Annual reproductive cycle of peanut worm, Sipunculus nudus from Thailand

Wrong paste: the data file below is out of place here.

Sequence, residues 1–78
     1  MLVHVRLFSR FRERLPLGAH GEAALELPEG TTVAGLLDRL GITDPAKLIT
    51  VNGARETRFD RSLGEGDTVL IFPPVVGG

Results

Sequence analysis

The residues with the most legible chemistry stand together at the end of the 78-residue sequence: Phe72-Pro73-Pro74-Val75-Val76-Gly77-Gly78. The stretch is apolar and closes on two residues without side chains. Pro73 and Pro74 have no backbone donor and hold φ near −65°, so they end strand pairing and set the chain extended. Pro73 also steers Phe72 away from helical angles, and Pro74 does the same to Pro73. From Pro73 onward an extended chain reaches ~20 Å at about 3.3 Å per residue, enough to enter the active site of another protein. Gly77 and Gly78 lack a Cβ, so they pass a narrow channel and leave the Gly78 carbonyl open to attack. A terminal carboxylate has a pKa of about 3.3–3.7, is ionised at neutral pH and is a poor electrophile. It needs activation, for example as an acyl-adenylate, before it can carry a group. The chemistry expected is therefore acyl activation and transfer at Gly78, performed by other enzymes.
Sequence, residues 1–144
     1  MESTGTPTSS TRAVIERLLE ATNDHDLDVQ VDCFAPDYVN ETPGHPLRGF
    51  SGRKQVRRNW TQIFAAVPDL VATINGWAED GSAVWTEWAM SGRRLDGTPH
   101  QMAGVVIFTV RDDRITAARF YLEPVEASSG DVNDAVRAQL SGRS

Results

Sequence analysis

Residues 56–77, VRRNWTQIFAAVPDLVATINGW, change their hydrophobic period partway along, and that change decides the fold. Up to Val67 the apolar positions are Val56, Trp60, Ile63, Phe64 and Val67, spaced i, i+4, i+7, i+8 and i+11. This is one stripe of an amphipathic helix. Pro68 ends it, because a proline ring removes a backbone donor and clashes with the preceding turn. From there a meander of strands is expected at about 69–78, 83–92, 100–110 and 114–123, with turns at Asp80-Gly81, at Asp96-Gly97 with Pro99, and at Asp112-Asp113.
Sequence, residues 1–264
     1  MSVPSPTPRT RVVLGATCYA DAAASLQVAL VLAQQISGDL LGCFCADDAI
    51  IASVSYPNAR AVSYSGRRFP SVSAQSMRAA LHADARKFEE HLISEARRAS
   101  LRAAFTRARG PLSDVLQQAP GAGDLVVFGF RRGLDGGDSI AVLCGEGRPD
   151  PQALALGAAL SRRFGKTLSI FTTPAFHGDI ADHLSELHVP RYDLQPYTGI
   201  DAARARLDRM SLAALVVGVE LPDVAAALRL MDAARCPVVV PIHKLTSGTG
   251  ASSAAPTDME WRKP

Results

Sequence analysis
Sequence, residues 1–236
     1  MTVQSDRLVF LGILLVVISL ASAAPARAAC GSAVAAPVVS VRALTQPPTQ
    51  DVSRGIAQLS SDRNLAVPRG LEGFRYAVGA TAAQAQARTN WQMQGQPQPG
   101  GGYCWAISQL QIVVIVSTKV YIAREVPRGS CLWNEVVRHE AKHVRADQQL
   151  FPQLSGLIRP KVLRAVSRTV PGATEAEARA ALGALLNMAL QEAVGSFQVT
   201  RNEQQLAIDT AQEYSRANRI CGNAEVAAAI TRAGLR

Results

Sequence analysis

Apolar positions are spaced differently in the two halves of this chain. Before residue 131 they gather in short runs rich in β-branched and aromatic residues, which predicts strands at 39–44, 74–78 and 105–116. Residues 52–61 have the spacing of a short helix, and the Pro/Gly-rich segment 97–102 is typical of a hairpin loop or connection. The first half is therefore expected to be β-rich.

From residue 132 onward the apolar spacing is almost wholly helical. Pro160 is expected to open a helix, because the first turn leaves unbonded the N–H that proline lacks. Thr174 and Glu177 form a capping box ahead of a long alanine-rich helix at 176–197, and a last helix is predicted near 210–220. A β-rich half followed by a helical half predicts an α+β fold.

Peanut worms have long been globally utilized as human food and fishing bait but their importance as a research animal to monitor marine environmental quality has only recently been exploited. There must be adequate knowledge of the breeding and culturing practices of a research species to provide reliable scientific data. At least 100 specimens of Sipunculus nudus Linnaeus, 1766 were collected from Mod Tanoy Beach, Kantang district, Trang province, Thailand each month from September 2012 to August 2013. The annual reproductive cycle was monitored of 60 specimens randomly selected and dissected for sex determination and inspection of male and female gamete stages. Data for 720 worms were collected and revealed a sex ratio of 1:1. Mature eggs and sperm plates were observed every month and the results indicated that spawning occurred throughout the year. S. nudus specimens from Mod Tanoy Beach, Thailand did not show a pattern of an annual reproductive cycle unlike S. nudus in China and other species of peanut worm which exhibited strong spawning patterns during the spring and summer months.